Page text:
Several theoretical and practical studies on the light dose impact of HIF-1α/PD-L1 expression are inconsistent. Wan J et al. believed that PDT-induced HIF-1α level in the low-dose group was higher than that in the high-dose group [30]. Gomer CJ et al. indicated that the higher the light dose, the more HIF-1α is expressed [31]. However, excessively low or high energy may lead to adverse outcomes. The 300 and 400 J/cm2 groups were the moderate dose groups with the best anti-tumor efficacy in this study. In the residual tumor lesions after treatment in the 300 and 400 J/cm2 groups, HIF-1α/PD-L1 expression was increased, indicating possible activation of tumor immune escape mechanisms. Theoretically, the residual disease with high PD-L1 expression can then be recognized and killed by subsequent immunotherapy.

On the one hand, the focal points of this study lie primarily on the following aspects: (1) the bioinformatics experiment in this study was relatively comprehensive and involved more than three network databases and hundreds of samples. (2) A relatively efficient and credible connection between PDT and immunotherapy for NSCLC was established, which provided good prospects for PDT research. (3) This paper innovatively proposes that traditional PDT might have synergistic anti-tumor effects by regulating the level of HIF-1α/PD-L1 in tumors when combined with immunotherapy.

On the other hand, our experiment still has some limitations. The xenograft nude mice model does not have a mature immune system, and is not an ideal model for building a complete tumor microenvironment. However, the goal of the existing work is to inspire future studies aiming to enhance the immune efficacy of treating.

NSCLC. (1) Focusing on tumor treatment: investigation of the mechanisms and optimal timing of combining PDT and ICIs is under way, and exploration of the impact of PDT regulating EGFR expression in lung cancer through the HIF-1 pathway on targeted therapy also holds promise [32]. (2) Focusing on molecular mechanisms: moreover, the crosstalk of HIF-1 and nuclear factor κB signaling pathways of PDT that can both affect molecular expression and immunologic function in hypoxia is thought-provoking [33]; the distinct regulation of HIF-1 or PD-1/PD-L1 pathway in pulmonary fibrogenesis and carcinogenesis deserves attention, which may contribute to the development of individual manangment in interstitial lung disease and lung cancer [34, 35].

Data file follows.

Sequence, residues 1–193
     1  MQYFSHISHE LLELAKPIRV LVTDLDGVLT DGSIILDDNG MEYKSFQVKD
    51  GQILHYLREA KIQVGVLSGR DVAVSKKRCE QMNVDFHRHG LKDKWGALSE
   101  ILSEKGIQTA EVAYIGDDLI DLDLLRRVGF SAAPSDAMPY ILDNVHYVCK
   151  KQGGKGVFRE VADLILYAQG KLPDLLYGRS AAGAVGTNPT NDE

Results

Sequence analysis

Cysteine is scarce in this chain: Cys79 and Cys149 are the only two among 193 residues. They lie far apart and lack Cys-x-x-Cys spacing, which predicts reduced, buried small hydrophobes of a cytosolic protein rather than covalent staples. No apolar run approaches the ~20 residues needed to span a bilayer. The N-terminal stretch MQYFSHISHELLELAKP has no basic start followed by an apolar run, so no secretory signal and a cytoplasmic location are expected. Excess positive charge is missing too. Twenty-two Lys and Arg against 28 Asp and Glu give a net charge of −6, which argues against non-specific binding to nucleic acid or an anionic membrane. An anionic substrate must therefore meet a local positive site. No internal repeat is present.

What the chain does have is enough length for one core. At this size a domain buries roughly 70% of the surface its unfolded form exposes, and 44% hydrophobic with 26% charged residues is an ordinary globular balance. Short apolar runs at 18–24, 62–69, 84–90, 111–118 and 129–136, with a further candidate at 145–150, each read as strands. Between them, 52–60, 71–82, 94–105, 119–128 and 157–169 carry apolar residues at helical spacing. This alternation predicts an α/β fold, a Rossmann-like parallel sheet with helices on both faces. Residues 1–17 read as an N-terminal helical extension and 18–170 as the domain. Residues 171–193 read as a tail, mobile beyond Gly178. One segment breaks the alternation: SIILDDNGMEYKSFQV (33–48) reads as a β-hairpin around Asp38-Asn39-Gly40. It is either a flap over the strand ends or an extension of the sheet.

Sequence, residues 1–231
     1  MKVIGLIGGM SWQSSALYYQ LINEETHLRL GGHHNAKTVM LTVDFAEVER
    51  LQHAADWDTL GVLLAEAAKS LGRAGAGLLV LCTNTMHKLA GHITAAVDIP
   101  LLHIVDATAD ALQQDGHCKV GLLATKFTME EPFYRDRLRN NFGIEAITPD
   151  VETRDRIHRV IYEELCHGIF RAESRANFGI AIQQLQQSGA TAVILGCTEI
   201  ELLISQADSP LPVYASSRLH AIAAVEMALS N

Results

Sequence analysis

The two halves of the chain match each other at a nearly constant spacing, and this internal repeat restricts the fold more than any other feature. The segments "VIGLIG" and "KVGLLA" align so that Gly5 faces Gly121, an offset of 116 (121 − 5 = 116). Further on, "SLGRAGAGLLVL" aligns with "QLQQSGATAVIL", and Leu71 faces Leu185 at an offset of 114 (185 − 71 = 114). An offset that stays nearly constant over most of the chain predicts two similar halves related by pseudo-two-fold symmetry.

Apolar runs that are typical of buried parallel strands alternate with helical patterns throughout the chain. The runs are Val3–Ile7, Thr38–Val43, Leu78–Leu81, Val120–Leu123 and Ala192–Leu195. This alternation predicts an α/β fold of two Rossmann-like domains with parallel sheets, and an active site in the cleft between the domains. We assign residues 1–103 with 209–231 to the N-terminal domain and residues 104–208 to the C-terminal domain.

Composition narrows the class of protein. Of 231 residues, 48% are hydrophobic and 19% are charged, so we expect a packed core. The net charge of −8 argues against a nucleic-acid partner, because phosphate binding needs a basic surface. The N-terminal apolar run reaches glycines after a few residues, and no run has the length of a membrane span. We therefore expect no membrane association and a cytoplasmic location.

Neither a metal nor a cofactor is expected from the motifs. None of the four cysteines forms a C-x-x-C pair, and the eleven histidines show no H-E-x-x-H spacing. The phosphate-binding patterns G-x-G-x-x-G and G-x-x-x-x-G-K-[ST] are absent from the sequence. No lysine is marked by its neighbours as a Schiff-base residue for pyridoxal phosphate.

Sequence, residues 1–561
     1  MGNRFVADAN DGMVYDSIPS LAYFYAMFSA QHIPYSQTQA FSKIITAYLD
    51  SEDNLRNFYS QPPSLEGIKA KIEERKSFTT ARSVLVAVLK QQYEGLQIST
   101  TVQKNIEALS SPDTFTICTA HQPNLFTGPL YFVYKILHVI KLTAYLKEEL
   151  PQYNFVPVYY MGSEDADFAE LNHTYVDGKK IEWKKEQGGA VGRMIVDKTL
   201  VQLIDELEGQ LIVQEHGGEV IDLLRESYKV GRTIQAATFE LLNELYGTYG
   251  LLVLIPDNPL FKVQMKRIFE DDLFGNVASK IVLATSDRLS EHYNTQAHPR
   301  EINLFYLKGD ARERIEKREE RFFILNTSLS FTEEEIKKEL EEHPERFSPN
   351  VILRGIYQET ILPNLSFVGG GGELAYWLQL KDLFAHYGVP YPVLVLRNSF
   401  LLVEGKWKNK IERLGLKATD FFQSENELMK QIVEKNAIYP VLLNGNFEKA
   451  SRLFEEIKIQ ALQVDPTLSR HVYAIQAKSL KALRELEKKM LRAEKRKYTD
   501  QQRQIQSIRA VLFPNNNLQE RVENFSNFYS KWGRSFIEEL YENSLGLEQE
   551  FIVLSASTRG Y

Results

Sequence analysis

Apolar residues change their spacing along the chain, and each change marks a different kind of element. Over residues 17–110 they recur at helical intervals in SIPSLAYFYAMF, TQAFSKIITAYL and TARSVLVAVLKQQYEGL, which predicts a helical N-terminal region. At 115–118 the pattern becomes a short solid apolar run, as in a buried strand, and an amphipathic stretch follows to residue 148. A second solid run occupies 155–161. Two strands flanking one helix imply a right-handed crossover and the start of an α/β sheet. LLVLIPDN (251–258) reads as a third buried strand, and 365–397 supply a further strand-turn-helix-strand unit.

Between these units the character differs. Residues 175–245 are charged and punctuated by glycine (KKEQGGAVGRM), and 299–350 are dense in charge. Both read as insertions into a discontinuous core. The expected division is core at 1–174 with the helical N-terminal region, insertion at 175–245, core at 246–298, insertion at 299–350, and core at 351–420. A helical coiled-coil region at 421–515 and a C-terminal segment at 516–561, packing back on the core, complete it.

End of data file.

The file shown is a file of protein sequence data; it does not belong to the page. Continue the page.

High HIF-1α/PD-L1 expression levels were found in NSCLC tissue after traditional PDT, which may assist in predicting the prognosis of NSCLC patients treated by PDT and PD-1/PD-L1 therapy. These results provide insight into the immune mechanism of PDT, as well as new concepts for respiratory intervention therapies and synergistic combination therapies for NSCLC.

Availability of data and materials

The data that support the findings of this study are available from the corresponding author upon reasonable request.



BCL2-associated X


Bicinchoninic acid


B-cell lymphoma-2


Biological process


Cellular component


Comparative cycle


Durable clinical benefit


Differentially expressed gene


Deoxyribonucleic acid


Epidermal growth factor receptor


Forkhead box protein O


Gene Expression Omnibus


Gene ontology


Gene Set Enrichment Analysis


Hypoxia inducible factor-1α


Hematoporphyrin derivative


Immune checkpoint inhibitor




Interquartile range


Kyoto Encyclopedia of Genes and Genomes




Molecular function


Non-durable benefit


Nuclear factor kappa-B


Non-small cell lung cancer


Poly ADP-ribose polymerase 1


Peripheral blood mononuclear cell


Progressive disease


Programmed cell death protein 1


Programmed death ligand 1


Photodynamic therapy


Phosphoinositide- 3-kinase, regulatory subunit 1


Protein–protein interaction


Partial response


Real-time quantitative reverse transcription polymerase chain reaction


Radio immunoprecipitation assay


Ribonucleic acid


Reactive oxygen species


Standard deviation


Sodium dodecyl sulphate–polyacrylamide gel electrophoresis


Signal transducer and activator of transcription


Tris-Buffered Saline Tween-20


The Cancer Genome Atlas


Tumor necrosis factor α


Total RNA extraction reagent


Tumor volume


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We sincerely thank all specimen donors and research groups for providing data for this article, including TCGA, GSE18842, GSE81089, GSE136961, and GSE111414, as well as the staff of the department of pulmonary and critical medicine and the animal center.


This work was partly supported by the Chongqing Milelonge Biopharmaceutical Co., Ltd. [FK2020100026].

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Authors and Affiliations



WS and XYM designed this study, conducted the public data analysis, prepared all the figures and tables, and drafted the manuscript. YC, GFW, and QZ supervised the project, administrated the project, and revised the manuscript. All authors reviewed and approved the final manuscript.

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Correspondence to Guangfa Wang.

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All animal experimental procedures were performed under the associated guidelines evaluated and approved by the ethics committee of Peking University First Hospital, China (Approval number: J202126).

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Sun, W., Cheng, Y., Ma, X. et al. Photodynamic therapy upregulates expression of HIF-1α and PD-L1 in related pathways and its clinical relevance in non-small-cell lung cancer. Eur J Med Res 29, 230 (2024).